Louisiana Governor John Bel Edwards declared a state of emergency after severe flooding in the state. Lake Charles and surrounding areas of Calcasieu Parish recorded more than 15 inches / 381 mm of rain in 12 hours on 17 May 2021.
Lake Charles Mayor Nic Hunter said this was the third heaviest rain event in the history of the city. He speculated that more structures have been flooded than were during the 2020 hurricanes Laura and Delta combined. He said early assessments suggest “at minimum 400 to 500″ buildings have been flooded. Emergency crews received hundreds of calls for flood rescues from people trapped in their homes.
Areas of Baton Rouge were also badly affected. Baton Rouge Mayor, Sharon Weston Broome, reported 250 people were rescued or evacuated to higher ground. Around 50 roads were blocked by flood waters and 3 people died in vehicle accidents on flooded roads. Outages left 16,000 without power. Streets were flooded in parts of New Orleans metropolitan area, leaving vehicles stranded.
Governor John Bel Edwards said, “the Governor’s Office of Homeland Security and Emergency Preparedness (GOHSEP) stands ready to support our local partners with any emergency resources needed beyond their capabilities. We are only a few weeks away from the start of hurricane season, but this threat is the latest in a string of recent weather threats that remind us of the importance of preparedness and staying informed.”
Severe flooding also affected parts of Texas. Homes were flooded, prompting some evacuations in Fannett and other parts of Jefferson County. As of early 19 May street flooding was also reported in parts of Houston.
Further severe weather is expected. The National Weather Service said the danger of flash flooding will persist for portions of Texas, Oklahoma, Arkansas, Louisiana and Mississippi until at least 19 May 2021.
Two dozen SFM personnel with nine boats have deployed to the Lake Charles area to assist Lake Charles FD with flood response.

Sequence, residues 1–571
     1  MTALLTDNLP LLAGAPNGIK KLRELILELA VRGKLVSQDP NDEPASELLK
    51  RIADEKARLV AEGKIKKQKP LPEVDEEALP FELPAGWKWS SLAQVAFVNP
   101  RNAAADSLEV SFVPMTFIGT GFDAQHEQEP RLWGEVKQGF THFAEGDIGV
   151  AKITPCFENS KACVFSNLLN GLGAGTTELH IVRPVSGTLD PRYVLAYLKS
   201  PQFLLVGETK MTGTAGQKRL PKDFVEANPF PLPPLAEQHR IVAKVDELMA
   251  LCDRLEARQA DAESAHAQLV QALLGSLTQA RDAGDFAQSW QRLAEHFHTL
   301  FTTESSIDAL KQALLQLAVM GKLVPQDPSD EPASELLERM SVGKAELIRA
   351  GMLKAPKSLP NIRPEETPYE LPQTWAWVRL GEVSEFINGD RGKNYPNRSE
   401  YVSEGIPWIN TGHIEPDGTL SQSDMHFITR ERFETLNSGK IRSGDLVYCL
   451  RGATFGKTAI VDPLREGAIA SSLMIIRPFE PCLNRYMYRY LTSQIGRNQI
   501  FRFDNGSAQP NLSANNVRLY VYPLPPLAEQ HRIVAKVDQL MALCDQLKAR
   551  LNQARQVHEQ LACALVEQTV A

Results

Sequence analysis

In the last hour, this has included nearly 30 rescues/requests to evacuate.
Please keep the residents of southwest Louisiana in your thoughts tonight. pic.twitter.com/NH8t9MEfT2
— Louisiana Office of State Fire Marshal (@LAFIREMARSHAL) May 18, 2021
— Justin Aaron (@JustinAaronUH91) May 18, 2021
In some locations, we saw 13” of rainfall, far more than any drainage system can handle. Please continue to pay attention to weather reports as East Baton Rouge Parish remains under a Flash Flood Watch into Wednesday.
— Sharon Weston Broome (@MayorBroome) May 18, 2021
⚠️ Here are the rainfall readings we have received so far from yesterday & last nights rain event.
— NWS New Orleans (@NWSNewOrleans) May 18, 2021
A severe thunderstorm with torrential downpours of rain causes major floods yesterday afternoon in Lake Charles, Louisiana
KWT Dave pic.twitter.com/tcsdBYKggt
— Kernow Weather Team (@KWTWeather) May 18, 2021
— NWS Weather Prediction Center (@NWSWPC) May 18, 2021
Here are the latest rainfall totals over the last 12 hours in Calcasieu parish. The highest amounts of 12 to 15 inches fell in south Lake Charles. ~ Donald pic.twitter.com/KGn0jVgNAE
— NWS Lake Charles (@NWSLakeCharles) May 17, 2021
For SE TX: Flash Flood Watch in effect thru Thursday morning. Much of the area has some potential for excessive rainfall. Tuesday thru Thursday totals are expected to average 4 to 8 inches. Isolated spots could exceed 10 inches. Stay Weather Aware! #txwx #houwx #glswx #bcswx pic.twitter.com/3ww2RhLQbT
— NWS Houston (@NWSHouston) May 18, 2021